A Network-Based Taxonomy of the World's Legal Systems
Durham Law School Working Paper March 2014
31 Pages Posted: 30 Jan 2014 Last revised: 18 Dec 2015
Date Written: March 22, 2014
Legal scholars, economists and other social scientist often refer to the idea that countries can be classified into a number of “legal families” or “legal origins”. Yet, this research is unsatisfactory as regards the actual classifications of the legal systems of the world. Legal scholars often do not attempt to classify all countries: rather, in comparative law textbooks, the legal family taxonomy merely serves as a didactic device to outline some similarities and differences between selected countries. This paper also suggests that the legal origins taxonomy, popular with financial economists, is problematic, since, if one traces the source of this taxonomy, there are no substantive explanations why a particular country is considered as belonging to one of these categories.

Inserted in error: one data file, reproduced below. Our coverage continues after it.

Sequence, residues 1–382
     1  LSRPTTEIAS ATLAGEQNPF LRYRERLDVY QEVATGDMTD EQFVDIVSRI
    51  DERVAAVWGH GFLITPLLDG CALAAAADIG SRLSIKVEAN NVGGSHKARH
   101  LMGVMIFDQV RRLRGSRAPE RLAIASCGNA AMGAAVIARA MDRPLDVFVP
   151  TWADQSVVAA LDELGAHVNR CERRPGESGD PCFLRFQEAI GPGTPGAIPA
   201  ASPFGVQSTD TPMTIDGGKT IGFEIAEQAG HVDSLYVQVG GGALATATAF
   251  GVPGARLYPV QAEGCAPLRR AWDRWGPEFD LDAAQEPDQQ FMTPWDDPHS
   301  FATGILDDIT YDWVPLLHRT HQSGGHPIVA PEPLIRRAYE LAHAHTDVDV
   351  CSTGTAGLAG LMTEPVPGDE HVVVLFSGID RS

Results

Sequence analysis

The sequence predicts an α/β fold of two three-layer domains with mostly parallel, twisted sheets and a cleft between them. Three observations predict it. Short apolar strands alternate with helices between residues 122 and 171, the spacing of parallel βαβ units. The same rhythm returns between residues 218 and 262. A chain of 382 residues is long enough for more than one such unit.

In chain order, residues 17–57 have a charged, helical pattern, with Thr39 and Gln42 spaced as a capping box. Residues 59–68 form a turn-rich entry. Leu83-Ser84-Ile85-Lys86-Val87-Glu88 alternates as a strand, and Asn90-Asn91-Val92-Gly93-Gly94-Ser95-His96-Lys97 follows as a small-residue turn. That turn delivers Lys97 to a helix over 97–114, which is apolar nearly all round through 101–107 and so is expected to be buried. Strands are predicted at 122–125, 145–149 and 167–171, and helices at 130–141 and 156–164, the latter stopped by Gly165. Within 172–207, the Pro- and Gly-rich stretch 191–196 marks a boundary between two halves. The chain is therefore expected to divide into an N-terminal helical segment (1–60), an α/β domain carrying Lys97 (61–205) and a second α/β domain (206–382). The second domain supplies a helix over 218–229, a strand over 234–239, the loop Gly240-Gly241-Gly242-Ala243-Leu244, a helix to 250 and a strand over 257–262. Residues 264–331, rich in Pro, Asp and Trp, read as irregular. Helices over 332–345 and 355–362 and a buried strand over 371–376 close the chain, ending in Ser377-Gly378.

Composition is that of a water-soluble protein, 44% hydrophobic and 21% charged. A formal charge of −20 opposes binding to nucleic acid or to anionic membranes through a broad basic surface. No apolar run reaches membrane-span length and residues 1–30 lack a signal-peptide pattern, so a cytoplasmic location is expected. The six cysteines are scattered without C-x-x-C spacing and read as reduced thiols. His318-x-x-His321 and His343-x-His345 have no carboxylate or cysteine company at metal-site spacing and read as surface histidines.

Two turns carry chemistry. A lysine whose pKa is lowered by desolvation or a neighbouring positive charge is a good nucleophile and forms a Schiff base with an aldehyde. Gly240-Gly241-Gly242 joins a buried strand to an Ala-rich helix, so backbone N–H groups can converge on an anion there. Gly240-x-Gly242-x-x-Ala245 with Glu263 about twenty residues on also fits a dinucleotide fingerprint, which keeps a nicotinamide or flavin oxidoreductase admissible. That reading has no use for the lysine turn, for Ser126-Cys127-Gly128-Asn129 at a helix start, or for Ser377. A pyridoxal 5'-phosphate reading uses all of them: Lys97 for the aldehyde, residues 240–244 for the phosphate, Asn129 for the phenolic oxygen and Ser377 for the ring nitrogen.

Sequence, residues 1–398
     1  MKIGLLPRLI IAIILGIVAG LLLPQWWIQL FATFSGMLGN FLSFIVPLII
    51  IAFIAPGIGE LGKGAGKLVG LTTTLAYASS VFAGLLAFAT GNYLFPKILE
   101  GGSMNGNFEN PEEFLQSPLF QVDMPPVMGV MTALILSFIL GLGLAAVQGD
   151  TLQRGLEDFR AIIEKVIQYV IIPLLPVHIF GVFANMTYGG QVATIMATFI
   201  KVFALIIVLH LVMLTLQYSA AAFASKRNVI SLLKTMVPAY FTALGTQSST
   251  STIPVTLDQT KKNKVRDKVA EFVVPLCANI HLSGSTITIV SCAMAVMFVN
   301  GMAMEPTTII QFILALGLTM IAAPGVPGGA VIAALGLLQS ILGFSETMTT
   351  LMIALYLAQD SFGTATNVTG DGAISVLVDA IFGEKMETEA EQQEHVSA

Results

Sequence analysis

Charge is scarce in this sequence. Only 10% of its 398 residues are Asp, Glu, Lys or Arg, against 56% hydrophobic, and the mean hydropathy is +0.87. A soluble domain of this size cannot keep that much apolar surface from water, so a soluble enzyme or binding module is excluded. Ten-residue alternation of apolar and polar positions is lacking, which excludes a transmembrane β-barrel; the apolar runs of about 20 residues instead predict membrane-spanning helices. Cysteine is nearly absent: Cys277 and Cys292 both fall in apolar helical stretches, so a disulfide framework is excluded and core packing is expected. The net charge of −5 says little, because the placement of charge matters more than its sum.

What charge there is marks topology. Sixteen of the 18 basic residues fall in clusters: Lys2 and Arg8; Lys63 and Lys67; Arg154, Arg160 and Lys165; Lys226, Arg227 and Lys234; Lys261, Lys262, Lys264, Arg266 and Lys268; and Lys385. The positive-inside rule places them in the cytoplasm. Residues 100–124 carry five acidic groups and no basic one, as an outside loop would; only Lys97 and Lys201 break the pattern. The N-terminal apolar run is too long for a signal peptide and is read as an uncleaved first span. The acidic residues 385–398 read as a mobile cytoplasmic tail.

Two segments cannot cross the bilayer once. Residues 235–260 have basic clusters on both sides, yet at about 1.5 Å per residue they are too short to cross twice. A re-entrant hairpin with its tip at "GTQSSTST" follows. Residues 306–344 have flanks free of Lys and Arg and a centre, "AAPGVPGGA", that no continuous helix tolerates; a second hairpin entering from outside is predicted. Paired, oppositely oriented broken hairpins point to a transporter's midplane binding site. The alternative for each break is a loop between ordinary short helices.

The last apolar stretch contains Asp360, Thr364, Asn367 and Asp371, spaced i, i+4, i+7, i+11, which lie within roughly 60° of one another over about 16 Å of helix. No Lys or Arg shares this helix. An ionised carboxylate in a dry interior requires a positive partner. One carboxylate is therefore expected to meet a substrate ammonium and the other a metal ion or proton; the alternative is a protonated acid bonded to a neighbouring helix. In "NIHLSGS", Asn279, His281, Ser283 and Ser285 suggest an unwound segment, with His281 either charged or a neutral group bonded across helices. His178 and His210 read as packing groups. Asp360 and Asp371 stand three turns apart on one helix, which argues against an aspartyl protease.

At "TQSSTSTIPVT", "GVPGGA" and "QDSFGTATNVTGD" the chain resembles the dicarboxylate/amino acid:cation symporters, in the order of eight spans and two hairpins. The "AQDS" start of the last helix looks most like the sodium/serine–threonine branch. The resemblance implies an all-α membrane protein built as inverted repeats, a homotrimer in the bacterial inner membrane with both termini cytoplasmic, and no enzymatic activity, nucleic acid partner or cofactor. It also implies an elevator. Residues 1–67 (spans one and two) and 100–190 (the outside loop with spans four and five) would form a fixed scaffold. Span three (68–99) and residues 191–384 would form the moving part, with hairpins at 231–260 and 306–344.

Thus, it is the aim of this paper to fill this gap and to develop a more robust taxonomy of legal systems. This taxonomy is based on a new dataset of 157 countries that is subsequently analysed with tools of network analysis. Applying tools of cluster optimisation, this paper finds that the world’s legal systems can be divided into the four clusters of the “Global Anglosphere”, the “Modern European Legal Culture”, the “Rule by Law or Religion”, and the “Weak Law in Transition”. It displays those clusters in a map, akin to the Inglehart-Welzel cultural map. Finally, it is suggested that identifying such clusters has important implications, not only for our understanding of the legal world, but also for the feasibility of legal transplants and harmonisation. Future research may also examine how these legal networks and clusters are related to economic and other data.
A revised version of this paper, entitled "Varieties of Legal Systems: Towards a New Global Taxonomy", is available at http://ssrn.com/abstract=2703292.
Keywords: network analysis, legal origins, law and finance, legal families, comparative law, legal transplants
JEL Classification: B52, D85, K00, K40, N20, O57, P37
Suggested Citation: Suggested Citation